Tuesday, May 4, 2010

US "individuals" who assisted the USSR -- I. F. Stone

            In previous notes I berated the French, especially French intellectuals who created an anti-French disposition -- a climate of opinion in which one was "realistic" or "with the latest fashion" only if one opposed the French establishment, the French status quo.  But peculiarity wasn't the sole property of France.  The same sort of thing occurred in the United States, albeit with not quite the same cataclysmic result.  Consider a new book just published Spies, The Rise and Fall of the KGB in America by John Earl Haynes, Harvey Klehr, and Alexander Vassilief:
            After the fall of the USSR, the KGB archives became more and more accessible.  The American Left who claimed to be individuals much like their French predecessors succumbed through a slightly different process to the same destructive anti-national sentiments.  Whereas the French developed their own process, moving from Anarchy up through anti-French pacifism, the Americans, while perhaps to some extent influenced by the French, seem also to have been powerfully assisted by a Communist "party line" which played to their "anti-establishment" predisposition.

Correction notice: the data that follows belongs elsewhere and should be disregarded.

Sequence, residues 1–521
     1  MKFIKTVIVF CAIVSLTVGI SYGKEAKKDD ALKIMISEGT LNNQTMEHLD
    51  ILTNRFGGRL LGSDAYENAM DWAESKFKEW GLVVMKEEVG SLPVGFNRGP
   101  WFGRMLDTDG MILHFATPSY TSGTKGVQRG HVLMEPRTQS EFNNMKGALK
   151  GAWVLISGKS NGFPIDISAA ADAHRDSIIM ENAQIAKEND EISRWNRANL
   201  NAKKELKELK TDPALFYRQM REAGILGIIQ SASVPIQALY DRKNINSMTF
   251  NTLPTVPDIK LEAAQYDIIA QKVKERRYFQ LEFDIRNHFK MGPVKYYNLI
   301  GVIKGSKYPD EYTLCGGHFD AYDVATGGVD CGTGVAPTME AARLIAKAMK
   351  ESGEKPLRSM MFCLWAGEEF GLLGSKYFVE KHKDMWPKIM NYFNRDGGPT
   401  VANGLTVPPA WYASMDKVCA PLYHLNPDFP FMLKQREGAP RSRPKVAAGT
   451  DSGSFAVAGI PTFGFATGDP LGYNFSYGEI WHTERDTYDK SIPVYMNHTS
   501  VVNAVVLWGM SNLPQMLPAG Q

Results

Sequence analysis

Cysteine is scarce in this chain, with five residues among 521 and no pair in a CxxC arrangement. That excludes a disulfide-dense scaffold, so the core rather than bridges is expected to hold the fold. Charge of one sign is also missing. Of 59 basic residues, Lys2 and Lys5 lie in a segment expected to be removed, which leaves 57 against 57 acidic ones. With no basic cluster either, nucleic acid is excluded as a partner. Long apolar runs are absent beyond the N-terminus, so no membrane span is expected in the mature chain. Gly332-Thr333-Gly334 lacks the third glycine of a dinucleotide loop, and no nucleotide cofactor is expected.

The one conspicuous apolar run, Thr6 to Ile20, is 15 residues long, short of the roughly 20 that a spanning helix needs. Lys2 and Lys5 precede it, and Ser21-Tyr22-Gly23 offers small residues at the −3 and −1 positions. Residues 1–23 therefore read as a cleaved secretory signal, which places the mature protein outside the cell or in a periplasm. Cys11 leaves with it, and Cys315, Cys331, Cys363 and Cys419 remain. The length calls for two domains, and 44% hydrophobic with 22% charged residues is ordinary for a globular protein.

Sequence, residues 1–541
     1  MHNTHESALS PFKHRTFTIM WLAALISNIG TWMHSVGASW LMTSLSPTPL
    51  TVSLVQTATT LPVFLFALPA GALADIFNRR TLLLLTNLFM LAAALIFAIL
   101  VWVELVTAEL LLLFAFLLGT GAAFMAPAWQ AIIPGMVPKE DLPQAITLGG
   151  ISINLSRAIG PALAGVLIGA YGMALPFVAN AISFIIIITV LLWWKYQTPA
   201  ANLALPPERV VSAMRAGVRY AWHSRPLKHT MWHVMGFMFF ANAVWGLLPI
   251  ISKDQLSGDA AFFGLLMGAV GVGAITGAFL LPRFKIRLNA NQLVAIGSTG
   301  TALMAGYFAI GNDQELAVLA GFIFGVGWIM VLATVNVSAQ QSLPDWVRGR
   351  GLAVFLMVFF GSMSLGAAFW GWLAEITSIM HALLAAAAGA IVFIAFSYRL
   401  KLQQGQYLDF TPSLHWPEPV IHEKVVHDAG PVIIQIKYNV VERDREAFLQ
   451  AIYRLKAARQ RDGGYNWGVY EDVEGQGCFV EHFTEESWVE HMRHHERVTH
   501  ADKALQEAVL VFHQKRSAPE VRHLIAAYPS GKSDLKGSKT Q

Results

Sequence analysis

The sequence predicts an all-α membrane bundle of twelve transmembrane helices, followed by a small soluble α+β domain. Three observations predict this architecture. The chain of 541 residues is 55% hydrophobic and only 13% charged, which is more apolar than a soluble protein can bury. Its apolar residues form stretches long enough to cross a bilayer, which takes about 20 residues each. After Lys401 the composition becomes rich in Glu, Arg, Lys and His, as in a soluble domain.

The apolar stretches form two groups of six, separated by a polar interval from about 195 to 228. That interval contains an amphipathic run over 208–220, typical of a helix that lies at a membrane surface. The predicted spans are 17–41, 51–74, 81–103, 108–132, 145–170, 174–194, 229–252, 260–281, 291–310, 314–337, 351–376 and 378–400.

Much of the information provided by Ronald Radosh, who reviewed the book in the current issue of The Weekly Standard, was already familiar to me from having read previous Haynes and Klehr books.  I gather though that this book provides much more evidence about what actually occurred.  I already knew that McCarthy was being used by J. Edgar Hoover to go after certain individuals as Communists, and that McCarthy was prohibited from saying where he got his information for fear of exposing the Venona project; so Radosh doesn't exactly surprise me when he quotes the authors to say that McCarthy was "wildly off the mark.  Very few of the people he accused appeared in KGB documents (or the Venona decryptions), and by the time he made his charges, almost all Soviet agents had been forced out of the government and Soviet intelligence networks were largely defunct."   I wonder though how many of the names of the "people he accused" were provided him by Hoover, and whether any of them could be numbered among the individuals that were referred to but not named in the KGB archives.  I don't have the impression that McCarthy made anything up; so who were his sources?  That sort of information wouldn't be in the KGB files.